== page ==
Behind the Scenes: An Inside Look at Jim Ryun’s Presidential Medal of Freedom Celebration
Hear what mile legends Alan Webb, Matthew Centrowitz, Seb Coe, and Steve Cram had to say about Jim Ryun when he was honored with the highest US civilian honor last week. Centrowitz said of Ryun, “He’s a legend everywhere” whereas Coe called him an inspiration and the “greatest prep athlete of all time, in front of LeBron James and Tiger Woods.”
Mile Legends Pay Tribute After Jim Ryun Receives Presidential Medal of Freedom
July 31, 2020
History was made last Friday at the White House, as former mile world record holder and five-term Kansas Congressman Jim Ryun became the first distance runner awarded the US Presidential Medal of Freedom. Ryun joined Jesse Owens as the only track & field athletes to receive the nation’s highest civilian honor.
Showing the cool fraternity between American milers, Matthew Centrowitz — the reigning Olympic 1500m champion — and Alan Webb — the current American record holder in the mile who also broke Ryun’s 36-year-old US high school mile record in 2001 — flew across the country to witness Ryun receive the medal from President Donald Trump.
In April, LetsRun.com readers voted Ryun, 73, as the Greatest American Distance Runner of All Time, and his list of achievements is long and impressive. A prodigy at Wichita East High School in Kansas, Ryun became the first US high schooler to break 4:00 in the mile as a junior in 1964 and made his first Olympic team later that year. A year later, he set the American record of 3:55.3, and a year after that, at the tender age of 19, he set world records in the half mile (1:44.9) and mile (3:51.3). He would lower the mile record to 3:51.1 in 1967 and add the 1500 world record (3:33.1) later that year. In 1968, he earned a silver medal in the 1500 at the Mexico City Olympics. Ryun was a legend in American sport and landed on the cover of Sports Illustrated seven times and was named the magazine’s Sportsman of the Year in 1966.
Following the ceremony at the White House on July 24, LetsRun.com co-founders Robert (Rojo) and Weldon Johnson (Wejo) attended a private reception hosted by Ryun’s son Ned and his wife Becca and discovered how deep the bond between milers runs. Tributes to Ryun poured in from running royalty across the globe, including digital messages from Steve Cram and Seb Coe and speeches by Webb, Centrowitz, and Matt Centrowitz Sr., all of whom paid tribute to Ryun and noted what an inspiration he was to their careers.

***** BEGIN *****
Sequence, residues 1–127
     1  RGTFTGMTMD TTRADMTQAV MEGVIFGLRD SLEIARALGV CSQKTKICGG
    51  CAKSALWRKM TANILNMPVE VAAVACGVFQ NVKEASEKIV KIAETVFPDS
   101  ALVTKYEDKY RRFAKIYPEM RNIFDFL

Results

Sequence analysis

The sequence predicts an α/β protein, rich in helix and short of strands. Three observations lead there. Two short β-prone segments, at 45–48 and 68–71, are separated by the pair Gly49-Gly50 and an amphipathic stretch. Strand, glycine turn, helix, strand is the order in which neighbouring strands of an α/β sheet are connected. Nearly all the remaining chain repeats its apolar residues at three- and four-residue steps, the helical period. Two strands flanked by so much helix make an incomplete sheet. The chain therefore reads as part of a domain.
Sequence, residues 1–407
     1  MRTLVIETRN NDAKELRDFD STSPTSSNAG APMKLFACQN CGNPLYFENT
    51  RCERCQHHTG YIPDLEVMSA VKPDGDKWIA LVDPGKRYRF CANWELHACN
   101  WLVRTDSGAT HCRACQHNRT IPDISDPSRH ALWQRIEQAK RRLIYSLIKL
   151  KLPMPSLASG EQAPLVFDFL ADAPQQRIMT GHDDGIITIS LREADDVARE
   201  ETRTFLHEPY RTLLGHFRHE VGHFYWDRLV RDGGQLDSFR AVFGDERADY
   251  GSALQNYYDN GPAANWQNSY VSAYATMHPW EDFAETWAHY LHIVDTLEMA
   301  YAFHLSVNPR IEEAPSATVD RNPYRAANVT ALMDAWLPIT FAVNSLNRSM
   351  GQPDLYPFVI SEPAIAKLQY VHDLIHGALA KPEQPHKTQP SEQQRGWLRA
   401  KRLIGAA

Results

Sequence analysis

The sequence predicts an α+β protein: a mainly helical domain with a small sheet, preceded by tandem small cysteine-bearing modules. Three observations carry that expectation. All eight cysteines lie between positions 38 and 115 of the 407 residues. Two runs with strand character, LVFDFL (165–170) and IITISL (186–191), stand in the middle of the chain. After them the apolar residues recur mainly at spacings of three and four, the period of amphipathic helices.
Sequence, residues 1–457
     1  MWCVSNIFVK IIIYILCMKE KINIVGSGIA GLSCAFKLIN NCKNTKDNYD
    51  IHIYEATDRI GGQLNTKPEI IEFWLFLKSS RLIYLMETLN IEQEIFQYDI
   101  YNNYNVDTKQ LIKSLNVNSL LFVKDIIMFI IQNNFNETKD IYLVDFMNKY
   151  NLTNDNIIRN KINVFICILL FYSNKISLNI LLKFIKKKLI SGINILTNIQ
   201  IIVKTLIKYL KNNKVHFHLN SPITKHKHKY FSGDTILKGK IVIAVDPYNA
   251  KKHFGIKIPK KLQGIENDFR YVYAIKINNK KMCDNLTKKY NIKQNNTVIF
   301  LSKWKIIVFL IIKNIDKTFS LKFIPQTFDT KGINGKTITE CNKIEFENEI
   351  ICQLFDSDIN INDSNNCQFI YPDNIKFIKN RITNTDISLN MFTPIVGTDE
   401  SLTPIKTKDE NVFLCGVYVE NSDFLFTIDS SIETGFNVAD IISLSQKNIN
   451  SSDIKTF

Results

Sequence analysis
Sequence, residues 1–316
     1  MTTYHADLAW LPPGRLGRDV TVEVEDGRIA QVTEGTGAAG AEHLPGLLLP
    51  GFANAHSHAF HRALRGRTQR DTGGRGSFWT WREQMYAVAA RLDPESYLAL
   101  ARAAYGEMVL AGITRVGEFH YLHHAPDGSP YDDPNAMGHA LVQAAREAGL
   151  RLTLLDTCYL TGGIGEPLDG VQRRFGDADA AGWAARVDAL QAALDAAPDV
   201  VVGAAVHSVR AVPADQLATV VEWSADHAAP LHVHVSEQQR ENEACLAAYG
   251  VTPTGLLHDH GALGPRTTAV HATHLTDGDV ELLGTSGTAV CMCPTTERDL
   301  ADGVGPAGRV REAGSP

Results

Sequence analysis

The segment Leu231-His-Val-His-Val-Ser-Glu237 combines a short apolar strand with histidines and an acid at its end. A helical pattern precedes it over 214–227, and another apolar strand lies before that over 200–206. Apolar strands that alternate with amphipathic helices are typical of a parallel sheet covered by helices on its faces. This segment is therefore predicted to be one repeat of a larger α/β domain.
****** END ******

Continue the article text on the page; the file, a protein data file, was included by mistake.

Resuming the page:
Highlights, photos, and videos of the speeches below.
As for the party itself, it consisted of some outdoor mingling, some great BBQ, and a lot of distance running camaraderie. Rojo and Wejo discussed what the scene was like at the start of this week’s LetsRun.com Track Talk podcast, which you can find here (and if you want to get an exclusive limited-time offer for joining the LetsRun.com Founders Club, you have to listen to beginning of the podcast).
Double Olympic champ Seb Coe memorized Ryun’s accomplishments as a schoolboy
Ned Ryun shared a story relayed to him by Peter Coe — father of World Athletics president and two-time Olympic 1500 champ Seb Coe — about how Coe’s affinity for Ryun once got him out of trouble at school.
“He was kind of being uppity in class, and the teacher was going to put him in his place. So the teacher called Sebastian and was intent on embarrassing Sebastian and said, ‘You feel like you know so much and can talk so much in class? You’re going to tell me exactly everything you know about Bakersfield, California.’ Sebastian goes to the front of the room and goes, ‘In 1967, Jim Ryun of the United States ran 3:51.1 in the mile [in Bakersfield] and broke the world record, which he had set previously in Berkeley, California, in 1966.’ Goes off for, like, three or four minutes. And then the teacher’s like, ‘all right, you’re done, sit down.’ Peter Coe thought that was hilarious — Sebastian had showed the teacher up because he was a big fan of my dad’s.”
Seb Coe also sent over a video tribute of his own.
“No athlete of my generation, particularly as a middle-distance runner, could have come through the sport without being inspired by your achievements,” Coe said in his message to Ryun. “A world record holder for the beloved mile at the age of 19, the youngest ever to hold that title. The greatest prep athlete of all time, in front of LeBron James and Tiger Woods. That in itself speaks volumes.”
Centro says he finished one book in high school: The Jim Ryun Story (and he read it dozens of times)